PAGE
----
B. History of Administrative Denial of Passport Applications.
 Zemel holds that the interpretation of the Act by the Executive charged with its administration before its 1926 reenactment, and subsequent thereto, may both be considered in determining whether Congress will be deemed to have recognized and consented to the exercise of particular authority. This calls for a review of past passport practices to determine “which it could fairly be argued were adopted by Congress in light of prior administrative [executive] practice.” Zemel v. Rusk, 381 U.S. at 18, 85 S.Ct. at 1281. Interim declarations by Congress are also relevant to this review.
 In times of emergency Congress has recognized that certain factors should be taken into consideration in the issuance of passports, i. e., “public safety”; “the interests of the United States”; “if [the President] deems that the interests of the United States so require”; “[promote] . . . the national defense”; “inimical to the best interests of the United States”; “needed to insure the national security.” Following these declarations, Congress in 1978 continued the passport requirement because the “public safety” so required. The traditional needs of national security had previously been considered in connection with the emergencies legislation.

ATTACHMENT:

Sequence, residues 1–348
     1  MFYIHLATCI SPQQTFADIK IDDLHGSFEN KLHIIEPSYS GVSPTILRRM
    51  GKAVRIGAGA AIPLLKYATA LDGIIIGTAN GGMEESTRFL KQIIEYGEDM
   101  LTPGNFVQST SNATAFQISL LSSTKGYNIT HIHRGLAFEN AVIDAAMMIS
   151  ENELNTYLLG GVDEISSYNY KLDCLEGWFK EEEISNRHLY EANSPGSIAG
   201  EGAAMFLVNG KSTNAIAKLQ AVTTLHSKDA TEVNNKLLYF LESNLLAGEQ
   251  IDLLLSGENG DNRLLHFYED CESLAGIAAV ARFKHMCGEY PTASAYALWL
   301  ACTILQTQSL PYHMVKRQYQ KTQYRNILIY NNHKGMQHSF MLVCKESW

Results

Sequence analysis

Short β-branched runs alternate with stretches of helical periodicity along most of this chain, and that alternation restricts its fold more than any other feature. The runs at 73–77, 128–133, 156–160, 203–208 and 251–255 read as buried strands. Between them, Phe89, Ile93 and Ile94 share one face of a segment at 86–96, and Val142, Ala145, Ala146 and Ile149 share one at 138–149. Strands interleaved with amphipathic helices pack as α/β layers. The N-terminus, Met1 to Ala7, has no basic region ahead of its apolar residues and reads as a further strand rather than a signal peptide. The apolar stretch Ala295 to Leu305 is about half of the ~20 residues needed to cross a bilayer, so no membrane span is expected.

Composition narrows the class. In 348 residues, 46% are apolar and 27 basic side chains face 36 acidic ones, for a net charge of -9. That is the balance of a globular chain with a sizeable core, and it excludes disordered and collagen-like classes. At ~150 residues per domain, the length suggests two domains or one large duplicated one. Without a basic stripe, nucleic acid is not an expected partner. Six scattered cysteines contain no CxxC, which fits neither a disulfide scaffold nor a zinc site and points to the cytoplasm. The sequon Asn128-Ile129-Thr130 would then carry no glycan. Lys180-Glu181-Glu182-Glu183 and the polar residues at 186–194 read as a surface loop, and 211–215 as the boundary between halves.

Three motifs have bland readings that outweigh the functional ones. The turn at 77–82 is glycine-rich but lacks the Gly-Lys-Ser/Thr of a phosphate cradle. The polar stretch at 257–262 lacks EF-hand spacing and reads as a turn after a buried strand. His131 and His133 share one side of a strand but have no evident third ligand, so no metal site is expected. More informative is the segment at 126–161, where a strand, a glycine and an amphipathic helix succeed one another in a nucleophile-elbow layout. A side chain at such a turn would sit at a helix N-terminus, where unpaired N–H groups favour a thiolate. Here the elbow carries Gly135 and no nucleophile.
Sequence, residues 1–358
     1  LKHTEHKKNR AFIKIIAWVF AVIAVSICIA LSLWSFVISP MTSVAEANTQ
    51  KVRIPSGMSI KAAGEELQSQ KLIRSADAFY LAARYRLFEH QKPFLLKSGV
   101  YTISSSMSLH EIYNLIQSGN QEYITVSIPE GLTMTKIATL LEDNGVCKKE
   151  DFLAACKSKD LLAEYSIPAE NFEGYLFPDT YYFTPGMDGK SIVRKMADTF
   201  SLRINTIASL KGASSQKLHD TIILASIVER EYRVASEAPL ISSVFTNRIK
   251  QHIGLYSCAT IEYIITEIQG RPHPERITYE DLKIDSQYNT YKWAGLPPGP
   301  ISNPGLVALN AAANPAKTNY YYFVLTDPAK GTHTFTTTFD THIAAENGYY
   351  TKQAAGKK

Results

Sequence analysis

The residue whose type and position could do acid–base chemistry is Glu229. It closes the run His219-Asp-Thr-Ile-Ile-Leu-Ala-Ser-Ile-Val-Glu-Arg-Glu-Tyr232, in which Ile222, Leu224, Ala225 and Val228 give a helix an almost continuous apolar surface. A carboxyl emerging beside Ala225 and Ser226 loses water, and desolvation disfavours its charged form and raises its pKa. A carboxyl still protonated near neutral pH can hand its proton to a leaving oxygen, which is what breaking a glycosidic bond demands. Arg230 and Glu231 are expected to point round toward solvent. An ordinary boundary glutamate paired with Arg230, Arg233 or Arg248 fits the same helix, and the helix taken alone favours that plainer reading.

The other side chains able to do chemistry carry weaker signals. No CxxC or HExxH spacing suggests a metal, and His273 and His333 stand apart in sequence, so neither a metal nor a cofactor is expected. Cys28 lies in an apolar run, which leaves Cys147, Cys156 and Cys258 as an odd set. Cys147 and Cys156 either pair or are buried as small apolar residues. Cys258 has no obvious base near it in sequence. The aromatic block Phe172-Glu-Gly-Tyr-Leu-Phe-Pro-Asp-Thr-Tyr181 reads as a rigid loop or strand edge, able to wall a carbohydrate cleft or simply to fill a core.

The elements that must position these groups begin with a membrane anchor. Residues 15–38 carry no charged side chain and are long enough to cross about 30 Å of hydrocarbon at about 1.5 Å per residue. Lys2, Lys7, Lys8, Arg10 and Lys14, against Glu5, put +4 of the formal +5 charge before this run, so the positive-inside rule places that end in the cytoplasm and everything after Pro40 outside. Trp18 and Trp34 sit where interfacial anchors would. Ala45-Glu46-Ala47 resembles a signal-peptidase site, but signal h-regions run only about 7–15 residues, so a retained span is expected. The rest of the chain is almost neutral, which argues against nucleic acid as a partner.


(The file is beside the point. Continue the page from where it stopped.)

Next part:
The 1978 Act continued the emergencies passport requirements into the so-called peacetime future.